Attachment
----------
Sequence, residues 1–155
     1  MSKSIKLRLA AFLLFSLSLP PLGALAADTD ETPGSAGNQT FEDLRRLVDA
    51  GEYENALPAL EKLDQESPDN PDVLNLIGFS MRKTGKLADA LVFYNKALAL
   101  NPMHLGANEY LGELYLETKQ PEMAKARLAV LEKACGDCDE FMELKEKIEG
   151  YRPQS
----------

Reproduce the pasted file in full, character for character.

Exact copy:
Sequence, residues 1–155
     1  MSKSIKLRLA AFLLFSLSLP PLGALAADTD ETPGSAGNQT FEDLRRLVDA
    51  GEYENALPAL EKLDQESPDN PDVLNLIGFS MRKTGKLADA LVFYNKALAL
   101  NPMHLGANEY LGELYLETKQ PEMAKARLAV LEKACGDCDE FMELKEKIEG
   151  YRPQS